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Les Carrières des Capucins – A Paris Underground Tour

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If you are familiar with our Underground Paris Guide, you’ll know by now that there’s much more than the Catacombs of Paris. And amongst all the Paris underground tours, Les Carrières des Capucins (or Capuchins’ Quarries) always outstands for its beauty and historical importance.

Unlike the Catacombs of Paris (a stone quarry, which became an ossuary), Les Carrières des Capucins did not change its use, so this part of Paris below the ground has not changed much since the City Council decided to close the quarries. This Paris underground tour is also a step back in time: below the streets of today’s Paris, the Paris of the 17th century still exists, tucked forever within the walls of Les Carrières des Capucins.

Keep on reading about one of the most hidden gems in Paris, the version for locals of the Catacombs in Paris.

Carrières des Capucins Visit

Les Carrières des Capucins – History

Carrières des Capucins Tunnels

Les Carrières des Capucins is a medieval limestone quarry located under the Cochin Hospital, on the site of the former Capuchin Novitiate. The remains of this interesting network of galleries, 1.2 km long, are approximately 18m below the ground and cover part of the above Boulevard Port-Royal, the Cochin Hospital, and Rue de la Santé in Paris 5, 13, and 14 Arrondissements.

This limestone quarry was exploited between the 12th and 17th centuries, and it was consolidated in the 18th century. Today, the medieval quarry is maintained and enhanced by a non-profit association in the form of a museum. It is thanks to their great volunteer job that Les Carrières des Capucins became the first Paris underground site to be registered as Historic Monument, in 1990 (partially), and in 1999 (the whole site).

The Quarries’ General Inspection

The Parisian Region is particularly rich in limestone. Since the 1st century C.E., Romans in Paris started to exploit the Bièvre Valley to get enough stone for its civil constructions.

From antiquity to the middle ages, Parisians used the “open quarry exploitation” method, which required simple resources but a lot of manpower. When stone became scarce on the ground, trenches were dug deeper and deeper, and quarrymen started to go underground.

The underground quarries were exploited as long as good-quality limestone was available. When there was no more stone to extract, quarries were closed and abandoned.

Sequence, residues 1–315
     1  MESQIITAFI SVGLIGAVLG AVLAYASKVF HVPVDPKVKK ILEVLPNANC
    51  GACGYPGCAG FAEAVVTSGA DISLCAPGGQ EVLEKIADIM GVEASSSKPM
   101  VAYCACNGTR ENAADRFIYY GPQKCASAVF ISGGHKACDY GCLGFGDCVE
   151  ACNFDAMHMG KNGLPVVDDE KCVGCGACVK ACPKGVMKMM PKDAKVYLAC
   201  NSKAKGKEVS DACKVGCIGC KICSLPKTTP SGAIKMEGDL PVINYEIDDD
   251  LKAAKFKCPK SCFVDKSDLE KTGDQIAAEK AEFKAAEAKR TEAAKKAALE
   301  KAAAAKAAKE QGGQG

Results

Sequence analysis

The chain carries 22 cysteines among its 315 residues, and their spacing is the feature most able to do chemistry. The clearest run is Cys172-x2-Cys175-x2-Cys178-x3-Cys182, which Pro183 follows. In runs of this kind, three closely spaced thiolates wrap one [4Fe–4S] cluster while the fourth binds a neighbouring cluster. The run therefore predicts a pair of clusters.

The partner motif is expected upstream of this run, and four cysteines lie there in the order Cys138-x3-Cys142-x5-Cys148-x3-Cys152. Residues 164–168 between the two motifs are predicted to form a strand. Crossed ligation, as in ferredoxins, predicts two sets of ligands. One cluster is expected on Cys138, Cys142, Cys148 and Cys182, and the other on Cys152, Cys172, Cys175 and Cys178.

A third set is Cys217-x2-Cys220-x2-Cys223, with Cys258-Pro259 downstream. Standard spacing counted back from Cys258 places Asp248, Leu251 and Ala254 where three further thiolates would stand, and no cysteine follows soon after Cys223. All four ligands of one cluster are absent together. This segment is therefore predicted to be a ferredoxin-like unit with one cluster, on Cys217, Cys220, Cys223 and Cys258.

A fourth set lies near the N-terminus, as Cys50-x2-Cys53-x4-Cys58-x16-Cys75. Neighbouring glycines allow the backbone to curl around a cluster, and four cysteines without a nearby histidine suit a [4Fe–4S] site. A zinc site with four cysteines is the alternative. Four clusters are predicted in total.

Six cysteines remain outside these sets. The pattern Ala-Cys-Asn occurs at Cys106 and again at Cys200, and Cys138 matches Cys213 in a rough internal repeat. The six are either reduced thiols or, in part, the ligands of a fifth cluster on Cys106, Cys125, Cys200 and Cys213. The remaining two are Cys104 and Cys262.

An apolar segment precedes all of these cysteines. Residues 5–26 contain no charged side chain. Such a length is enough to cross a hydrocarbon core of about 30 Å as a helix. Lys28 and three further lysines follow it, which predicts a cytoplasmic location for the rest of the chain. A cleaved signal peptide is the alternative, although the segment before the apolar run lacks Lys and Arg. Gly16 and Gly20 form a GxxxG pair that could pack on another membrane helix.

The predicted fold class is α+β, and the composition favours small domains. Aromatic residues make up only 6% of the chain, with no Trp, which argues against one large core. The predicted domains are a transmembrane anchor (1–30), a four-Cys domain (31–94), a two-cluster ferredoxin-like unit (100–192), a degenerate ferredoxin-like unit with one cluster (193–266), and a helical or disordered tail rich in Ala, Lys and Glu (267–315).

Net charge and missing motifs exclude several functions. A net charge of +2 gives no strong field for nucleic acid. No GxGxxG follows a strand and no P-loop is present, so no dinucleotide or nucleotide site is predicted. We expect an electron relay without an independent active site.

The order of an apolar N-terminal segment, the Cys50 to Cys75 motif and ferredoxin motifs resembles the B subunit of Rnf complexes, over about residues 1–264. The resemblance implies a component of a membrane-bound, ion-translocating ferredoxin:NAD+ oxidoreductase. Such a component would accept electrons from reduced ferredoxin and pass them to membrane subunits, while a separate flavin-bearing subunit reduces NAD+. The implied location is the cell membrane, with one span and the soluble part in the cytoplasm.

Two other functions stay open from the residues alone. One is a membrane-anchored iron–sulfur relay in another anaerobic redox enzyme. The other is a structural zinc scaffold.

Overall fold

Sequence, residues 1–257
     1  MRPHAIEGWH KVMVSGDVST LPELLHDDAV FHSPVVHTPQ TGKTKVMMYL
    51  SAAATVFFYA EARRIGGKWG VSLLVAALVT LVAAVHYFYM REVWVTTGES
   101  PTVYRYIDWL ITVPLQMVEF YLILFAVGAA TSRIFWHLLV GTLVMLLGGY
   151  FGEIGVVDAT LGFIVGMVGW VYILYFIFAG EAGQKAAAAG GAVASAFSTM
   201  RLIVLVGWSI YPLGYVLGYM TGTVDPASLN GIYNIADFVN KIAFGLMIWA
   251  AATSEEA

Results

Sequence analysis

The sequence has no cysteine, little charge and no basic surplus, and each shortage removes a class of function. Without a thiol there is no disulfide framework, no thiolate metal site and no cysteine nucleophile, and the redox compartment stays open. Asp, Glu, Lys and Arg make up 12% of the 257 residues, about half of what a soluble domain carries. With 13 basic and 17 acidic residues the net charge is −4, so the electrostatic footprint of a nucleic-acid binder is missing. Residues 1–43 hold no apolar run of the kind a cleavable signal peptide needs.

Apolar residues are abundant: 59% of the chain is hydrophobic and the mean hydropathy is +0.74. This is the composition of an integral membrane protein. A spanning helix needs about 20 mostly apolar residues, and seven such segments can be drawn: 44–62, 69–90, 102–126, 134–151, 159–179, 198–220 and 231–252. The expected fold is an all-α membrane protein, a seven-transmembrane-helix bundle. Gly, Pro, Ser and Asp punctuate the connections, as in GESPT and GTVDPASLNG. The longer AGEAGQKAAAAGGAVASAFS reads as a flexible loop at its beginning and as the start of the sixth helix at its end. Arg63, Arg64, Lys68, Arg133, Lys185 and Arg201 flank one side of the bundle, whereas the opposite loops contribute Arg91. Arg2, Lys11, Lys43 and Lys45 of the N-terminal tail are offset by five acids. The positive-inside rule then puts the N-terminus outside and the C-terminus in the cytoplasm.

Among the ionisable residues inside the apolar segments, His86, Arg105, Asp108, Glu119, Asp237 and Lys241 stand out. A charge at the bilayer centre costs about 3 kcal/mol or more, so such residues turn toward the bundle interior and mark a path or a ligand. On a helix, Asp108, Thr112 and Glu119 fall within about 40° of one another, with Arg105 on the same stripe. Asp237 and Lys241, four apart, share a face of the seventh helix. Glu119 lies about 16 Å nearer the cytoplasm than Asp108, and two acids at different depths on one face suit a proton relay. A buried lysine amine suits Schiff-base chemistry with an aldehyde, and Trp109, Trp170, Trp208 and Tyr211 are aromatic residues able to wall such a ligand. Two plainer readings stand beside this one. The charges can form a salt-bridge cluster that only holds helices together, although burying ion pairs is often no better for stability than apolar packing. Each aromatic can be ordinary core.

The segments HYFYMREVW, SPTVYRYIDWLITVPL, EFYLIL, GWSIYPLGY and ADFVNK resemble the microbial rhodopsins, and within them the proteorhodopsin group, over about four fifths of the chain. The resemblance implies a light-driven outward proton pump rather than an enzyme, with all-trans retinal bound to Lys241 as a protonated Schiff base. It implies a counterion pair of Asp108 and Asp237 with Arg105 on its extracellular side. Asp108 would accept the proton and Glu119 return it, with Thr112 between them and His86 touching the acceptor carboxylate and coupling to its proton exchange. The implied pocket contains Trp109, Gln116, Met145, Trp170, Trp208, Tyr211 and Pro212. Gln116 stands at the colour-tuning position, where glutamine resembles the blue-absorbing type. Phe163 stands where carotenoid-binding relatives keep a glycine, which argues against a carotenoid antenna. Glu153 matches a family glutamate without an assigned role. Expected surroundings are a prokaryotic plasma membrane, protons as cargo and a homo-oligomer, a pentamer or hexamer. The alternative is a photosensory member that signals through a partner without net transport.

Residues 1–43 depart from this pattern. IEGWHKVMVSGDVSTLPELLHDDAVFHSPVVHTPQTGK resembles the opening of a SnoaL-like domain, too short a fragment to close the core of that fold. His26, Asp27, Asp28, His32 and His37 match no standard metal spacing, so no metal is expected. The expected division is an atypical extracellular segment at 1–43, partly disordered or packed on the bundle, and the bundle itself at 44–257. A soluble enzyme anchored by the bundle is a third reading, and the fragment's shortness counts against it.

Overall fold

The history of the Inspection Générale des Carrières (Quarries’ General Inspection), begins in the middle of the intensive exploitation of the quarries in Paris and its region. In the 18th century, the city’s subsoil and that of its suburbs were extensively excavated, leaving behind huge abandoned and barely indexed quarries when there was no more stone to extract. Paris was like a huge “gruyère cheese” and, inevitably, collapses (land, houses, or even street collapses) started to happen.

After these tragedies, King Louis XVI created the Inspection Générale des Carrières (IGC) in 1776. This special service had the mission to inspect and consolidate the underground quarries to avoid more accidents. The Inspection Générale des Carrières also proceeded to the quarries’ study and mapping. What we can see today in the Quarries of the Capuchins is the result of their work.

Les Carrières des Capucins – Underground Tour

Carrières des Capucins Paris Underground Tour

Les Carrières des Capucins is a space managed by an association of volunteers, partly under the public domain and under the private domain. The site is not open to the grand public, so visiting Les Carrières des Capucins is not easy. However, there are a few guided tours (1 tour every 1-2 months), and they are usually scheduled only 1-2 weeks in advance.

The only way to join a guided tour is to email them (association [at] showing your interest in visiting the quarries and asking to include you on the waiting list for the next visit. Then, one day, you will receive an email to inform you about the next visit and ask for confirmation. Guided visits (2 hrs, in French) are proposed only for small groups (15 people maximum) because galleries are narrow, and they want to keep the intimacy of the place.

This unusual and rather confidential Paris underground tour, done under the light of a torch, unveils part of the city’s exceptional industrial heritage the world of underground quarries and some interesting curiosities.

The meeting point is in front of Cochin Hospital, in the 14th District of Paris. Here, we are not far from the Catacombs of Paris.

The visit to Les Carrières des Capucins starts climbing down some 200 steps. Visitors will walk 18 meters below the streets of Paris, with a temperature of 13C° and 95% humidity, so a jacket or a pullover + sturdy shoes are recommended.

Underground Paris

Carrières des Capucins Underground Tour

Paris underground was a reflection of the city above ground. This means that the underground galleries followed the same plot as the Parisian streets, and they had the same kind of street signs as on the surface. While some streets of Medieval Paris disappeared forever due to the Haussmannian works, they still exist underground with their original street signs from the 18th and 19th centuries.

In the picture above, you can see the Rue des Capucins. This street disappeared on the surface a long time ago, but it still exists underground. To help with navigation, the street signs were positioned according to the cardinal points, just like on the surface.

Stone Inscriptions (and a Couple of Fleur de Lis)

During the underground tour, visitors can see different stone inscriptions. Some stones have, for example, the Quarry Inspector’s monogram, while others talk about different events happening in the city.

During the French Revolution, some carved stones were intentionally damaged to erase the Fleur de Lis, the symbol of monarchy in France. However, a couple of Fleur de Lis survived, and visitors can still see them hidden in the galleries of the quarry. Can you find one of the few surviving Fleur de Lis in Paris in the picture below?

Underground Street Names - Carrières des Capucins